This interview was taken from the Jazz2 Warehouse website. It was made by Jeh during the development of Jazz Jackrabbit 2 in 1997. It most likely was one of the first Jazz Jackrabbit 2 websites. Jeh is also known as John MacLellan. He was one of the level designers of JJ2, making for example the famouse Battle levels. Since the website has been down for years now, we decided to put this interview back up.
Nick Stadler is the dude behind all the great artwork and animations that you see in all the Jazz 2 screen shots. Nick previously worked on the Monkey Mayhem table of Extreme Pinball and played a large part in the original Jazz Jackrabbit. In Jazz 1, Nick did all the cartoon-style animation and artwork within the game, many of the characters and most of the graphics in the new episodes of the Jazz CD.
J2W: Why did you decide to use Deluxe 2 Animator for the graphics?
Nick: It's actually the only animation program I've ever used extensively. It was actually a big challenge to learn how to draw with a mouse, since I've been drawing with pencils my whole life. The pixel became my enemy!
I dabbled with the Amiga version in college, nothing really worth speaking of. But with Jazz 1, I was kinda 'forced' into using the program. It wasn't really until near the end of the development of that game that I actually started to get the hang of it. (Unfortunately, now that I've gotten used it, its kinda become an obselete program. I'm gonna have to move onto something a little more sophisticated).
J2W: Which is your favorite enemy in Jazz 2 and why?
Nick: I dunno... I kinda like the two boss characters in the "Hell" levels: Bilsy and Bubba. Bilsy is a tall, lanky demon; kinda Jafar-esque. Bubbas a short, fat sort who kinda bounces and bobs along like jelly.
J2W: Which playable character do like best and why?
Nick: It's hard to say. I think I like playing as Jazz, cos his "hellicopter glide" makes it easy to pick up objects while falling great distances. It also helps to prevent falling into an enemy below you.
However, we're working on getting another move in there which is unique to the two characters, so that may change.
J2W: Where did the idea for Spaz come from?
Nick: There was a point while working on Jazz 1 when I (or Cliff, or Arjan) would get into a rut and become irritated , and I'd take out my resentment on *Jazz* himself.
At one point, I drew a really goofy, stupid picture of Jazz with the caption "Spaz Slackrabbit." People around the office seemed to get a kick out it, so I ended up developing it a bit further as a seperate character for the sequel.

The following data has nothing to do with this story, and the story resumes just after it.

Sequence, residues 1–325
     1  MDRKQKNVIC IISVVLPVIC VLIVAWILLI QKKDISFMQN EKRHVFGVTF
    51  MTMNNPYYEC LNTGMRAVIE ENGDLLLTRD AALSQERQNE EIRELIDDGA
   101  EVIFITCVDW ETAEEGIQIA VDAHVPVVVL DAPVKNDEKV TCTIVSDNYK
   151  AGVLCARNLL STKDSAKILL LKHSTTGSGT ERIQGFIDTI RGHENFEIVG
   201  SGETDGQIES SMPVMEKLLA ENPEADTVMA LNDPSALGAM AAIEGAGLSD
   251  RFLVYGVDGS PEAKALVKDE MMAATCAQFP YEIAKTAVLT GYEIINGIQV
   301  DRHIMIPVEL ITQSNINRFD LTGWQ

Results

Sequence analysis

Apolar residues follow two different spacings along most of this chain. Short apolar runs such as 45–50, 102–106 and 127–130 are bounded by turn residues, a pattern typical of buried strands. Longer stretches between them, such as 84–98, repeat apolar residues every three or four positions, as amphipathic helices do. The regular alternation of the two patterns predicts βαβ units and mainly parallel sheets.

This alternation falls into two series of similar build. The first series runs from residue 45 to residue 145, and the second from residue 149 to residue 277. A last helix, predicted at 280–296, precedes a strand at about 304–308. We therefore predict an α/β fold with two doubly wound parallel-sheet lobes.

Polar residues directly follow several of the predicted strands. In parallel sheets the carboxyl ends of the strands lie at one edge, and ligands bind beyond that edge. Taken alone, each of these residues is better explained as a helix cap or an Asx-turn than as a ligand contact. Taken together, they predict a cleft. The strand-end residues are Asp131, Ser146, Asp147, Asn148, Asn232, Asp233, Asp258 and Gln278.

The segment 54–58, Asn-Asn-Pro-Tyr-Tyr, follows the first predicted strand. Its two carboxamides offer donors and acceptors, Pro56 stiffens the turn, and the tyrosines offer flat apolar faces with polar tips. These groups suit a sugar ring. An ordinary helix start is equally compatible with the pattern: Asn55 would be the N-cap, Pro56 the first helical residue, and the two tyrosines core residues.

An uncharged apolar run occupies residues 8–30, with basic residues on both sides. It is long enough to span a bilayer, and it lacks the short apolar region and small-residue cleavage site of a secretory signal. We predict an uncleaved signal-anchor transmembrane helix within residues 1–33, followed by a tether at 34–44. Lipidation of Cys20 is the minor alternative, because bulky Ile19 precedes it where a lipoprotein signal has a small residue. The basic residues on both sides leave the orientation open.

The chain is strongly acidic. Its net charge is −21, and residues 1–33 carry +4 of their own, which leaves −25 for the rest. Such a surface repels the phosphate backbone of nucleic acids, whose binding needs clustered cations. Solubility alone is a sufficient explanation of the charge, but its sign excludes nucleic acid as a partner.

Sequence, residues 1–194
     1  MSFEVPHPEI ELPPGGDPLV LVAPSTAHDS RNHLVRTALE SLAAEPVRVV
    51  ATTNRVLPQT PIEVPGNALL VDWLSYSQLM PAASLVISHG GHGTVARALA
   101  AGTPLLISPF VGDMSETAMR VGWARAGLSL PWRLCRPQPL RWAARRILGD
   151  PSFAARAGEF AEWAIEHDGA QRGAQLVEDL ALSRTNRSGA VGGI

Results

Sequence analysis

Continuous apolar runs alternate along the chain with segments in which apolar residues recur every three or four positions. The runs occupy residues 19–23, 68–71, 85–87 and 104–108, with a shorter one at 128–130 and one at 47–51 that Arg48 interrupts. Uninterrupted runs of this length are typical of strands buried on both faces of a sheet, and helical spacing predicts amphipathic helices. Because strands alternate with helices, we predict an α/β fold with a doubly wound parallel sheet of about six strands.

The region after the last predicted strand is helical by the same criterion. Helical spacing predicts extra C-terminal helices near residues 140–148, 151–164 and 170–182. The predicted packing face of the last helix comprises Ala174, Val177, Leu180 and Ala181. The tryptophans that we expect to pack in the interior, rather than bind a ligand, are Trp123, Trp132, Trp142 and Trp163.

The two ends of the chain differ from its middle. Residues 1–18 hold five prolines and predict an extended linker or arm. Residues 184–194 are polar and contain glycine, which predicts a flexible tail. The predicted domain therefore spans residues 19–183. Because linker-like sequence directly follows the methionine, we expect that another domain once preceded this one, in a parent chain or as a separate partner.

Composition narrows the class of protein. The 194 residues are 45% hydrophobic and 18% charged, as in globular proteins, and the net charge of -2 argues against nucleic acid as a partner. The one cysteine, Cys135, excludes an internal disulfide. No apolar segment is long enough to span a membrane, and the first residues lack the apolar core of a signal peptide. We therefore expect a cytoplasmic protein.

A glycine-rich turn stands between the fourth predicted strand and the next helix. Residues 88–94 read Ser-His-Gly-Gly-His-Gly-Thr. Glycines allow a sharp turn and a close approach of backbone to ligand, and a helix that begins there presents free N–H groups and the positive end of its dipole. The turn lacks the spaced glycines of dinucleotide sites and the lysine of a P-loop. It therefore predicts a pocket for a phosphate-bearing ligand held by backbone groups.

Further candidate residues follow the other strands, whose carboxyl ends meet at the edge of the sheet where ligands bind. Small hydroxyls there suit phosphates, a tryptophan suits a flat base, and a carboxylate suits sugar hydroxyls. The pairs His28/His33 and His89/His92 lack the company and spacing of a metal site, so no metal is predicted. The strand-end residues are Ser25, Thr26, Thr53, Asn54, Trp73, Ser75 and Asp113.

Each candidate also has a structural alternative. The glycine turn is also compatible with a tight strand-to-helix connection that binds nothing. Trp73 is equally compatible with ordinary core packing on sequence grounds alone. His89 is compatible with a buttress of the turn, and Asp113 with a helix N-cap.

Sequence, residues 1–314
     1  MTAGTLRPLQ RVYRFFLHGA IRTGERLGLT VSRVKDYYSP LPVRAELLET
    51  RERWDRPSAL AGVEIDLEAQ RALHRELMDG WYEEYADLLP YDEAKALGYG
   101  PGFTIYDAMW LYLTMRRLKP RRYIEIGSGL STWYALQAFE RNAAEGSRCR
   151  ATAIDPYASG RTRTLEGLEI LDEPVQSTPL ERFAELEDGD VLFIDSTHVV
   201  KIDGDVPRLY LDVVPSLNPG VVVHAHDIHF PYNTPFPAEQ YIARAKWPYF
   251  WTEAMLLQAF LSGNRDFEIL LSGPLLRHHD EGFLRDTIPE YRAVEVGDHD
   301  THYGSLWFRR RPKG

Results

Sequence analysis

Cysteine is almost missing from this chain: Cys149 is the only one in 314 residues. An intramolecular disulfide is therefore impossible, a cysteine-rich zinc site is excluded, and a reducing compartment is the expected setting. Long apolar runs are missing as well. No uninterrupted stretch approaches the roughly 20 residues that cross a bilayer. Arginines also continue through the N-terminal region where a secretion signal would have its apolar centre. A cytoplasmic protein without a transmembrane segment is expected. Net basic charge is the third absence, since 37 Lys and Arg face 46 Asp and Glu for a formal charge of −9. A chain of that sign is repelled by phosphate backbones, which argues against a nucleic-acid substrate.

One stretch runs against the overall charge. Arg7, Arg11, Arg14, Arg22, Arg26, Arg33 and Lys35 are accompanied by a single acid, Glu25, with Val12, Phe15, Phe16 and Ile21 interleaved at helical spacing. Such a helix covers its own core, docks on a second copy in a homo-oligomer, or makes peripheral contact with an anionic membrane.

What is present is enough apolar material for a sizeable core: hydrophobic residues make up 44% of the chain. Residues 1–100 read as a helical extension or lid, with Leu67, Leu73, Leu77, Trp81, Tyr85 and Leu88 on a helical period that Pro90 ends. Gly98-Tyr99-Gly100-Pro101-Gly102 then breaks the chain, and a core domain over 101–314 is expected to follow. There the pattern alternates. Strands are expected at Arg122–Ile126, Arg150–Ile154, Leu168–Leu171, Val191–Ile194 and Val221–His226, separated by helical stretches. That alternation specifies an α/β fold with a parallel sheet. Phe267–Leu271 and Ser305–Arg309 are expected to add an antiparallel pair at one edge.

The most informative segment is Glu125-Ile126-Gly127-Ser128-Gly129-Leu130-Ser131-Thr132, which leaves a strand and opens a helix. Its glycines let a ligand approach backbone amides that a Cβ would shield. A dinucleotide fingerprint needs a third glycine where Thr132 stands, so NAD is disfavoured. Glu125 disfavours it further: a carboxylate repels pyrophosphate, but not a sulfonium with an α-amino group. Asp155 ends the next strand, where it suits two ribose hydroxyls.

J2W: Where do you get the ideas for the characters?
Nick: I overdose on a lot of great old Warner Brothers & MGM cartoons (not to mention a few bad contemporary cartoons).
J2W: How many different "tile sets" are there in the game?
Nick: Thirteen, I think... I'm not sure.
J2W: How many different enemies appear in the game?
Nick: I've done about 40 characters. I'm not quite sure if all 40 will be in the final version.
J2W: Which games have influenced you in the design?
Nick: Obviously Sonic the Hedgehog and Mario. I don't think you can make this type of game without those influence since they're sort of the dictionary definition of "platform game." Sonic really turned me on to the whole potential of video game developement, since he was really the first video game hero who had some personality in his animation.
I'm also an Earthworm Jim FREAK. I loved Cool Spot and Aladdin. The animation in these games is incredible, and they're very inventive and clever.
J2W: Will the Jazz 2 manual have a new comic strip?
Nick: I hope so. The in-game artwork has been so intense (with the paralaxing backgrounds and the beefed up character animations) that I haven't been able to really get a lot of this done, but I'm sure I'll have something.
J2W: What other games have you worked on previously?
Nick: Jazz 1, and some artwork for Extreme Pinball (The Monkey Mayhem table). I also did some work on a little known series of sports themed games called "Time Out Sports." (A guy and his dog named Bernie and Jock)
J2W: How did you first become involved in the original Jazz Jackrabbit project?
Nick: Mark Rein and Tim Sweeney stole me away from another company where I'd been working. They installed a primitive prototype of the original Jazz, and they thought my cartoonish drawing style might help boost the appeal of the game.
The Jazz Jackrabbit 2 Warehouse would like to thank Nick for taking the time to do this interview.
Eat your lima beans, Johnny.